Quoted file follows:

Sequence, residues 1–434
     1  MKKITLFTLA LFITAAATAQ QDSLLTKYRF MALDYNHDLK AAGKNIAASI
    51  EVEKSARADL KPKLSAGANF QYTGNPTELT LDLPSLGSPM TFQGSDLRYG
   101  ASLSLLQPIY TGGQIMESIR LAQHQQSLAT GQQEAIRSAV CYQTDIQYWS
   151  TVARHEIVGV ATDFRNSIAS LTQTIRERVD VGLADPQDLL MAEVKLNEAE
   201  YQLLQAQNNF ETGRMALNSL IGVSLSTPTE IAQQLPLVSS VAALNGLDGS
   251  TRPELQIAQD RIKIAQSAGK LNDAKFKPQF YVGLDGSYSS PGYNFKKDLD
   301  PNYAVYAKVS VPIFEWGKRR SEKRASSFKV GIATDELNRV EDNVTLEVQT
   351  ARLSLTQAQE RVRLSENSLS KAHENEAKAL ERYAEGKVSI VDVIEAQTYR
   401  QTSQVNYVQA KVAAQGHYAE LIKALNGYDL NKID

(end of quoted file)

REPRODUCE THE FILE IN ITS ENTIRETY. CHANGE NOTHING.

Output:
Sequence, residues 1–434
     1  MKKITLFTLA LFITAAATAQ QDSLLTKYRF MALDYNHDLK AAGKNIAASI
    51  EVEKSARADL KPKLSAGANF QYTGNPTELT LDLPSLGSPM TFQGSDLRYG
   101  ASLSLLQPIY TGGQIMESIR LAQHQQSLAT GQQEAIRSAV CYQTDIQYWS
   151  TVARHEIVGV ATDFRNSIAS LTQTIRERVD VGLADPQDLL MAEVKLNEAE
   201  YQLLQAQNNF ETGRMALNSL IGVSLSTPTE IAQQLPLVSS VAALNGLDGS
   251  TRPELQIAQD RIKIAQSAGK LNDAKFKPQF YVGLDGSYSS PGYNFKKDLD
   301  PNYAVYAKVS VPIFEWGKRR SEKRASSFKV GIATDELNRV EDNVTLEVQT
   351  ARLSLTQAQE RVRLSENSLS KAHENEAKAL ERYAEGKVSI VDVIEAQTYR
   401  QTSQVNYVQA KVAAQGHYAE LIKALNGYDL NKID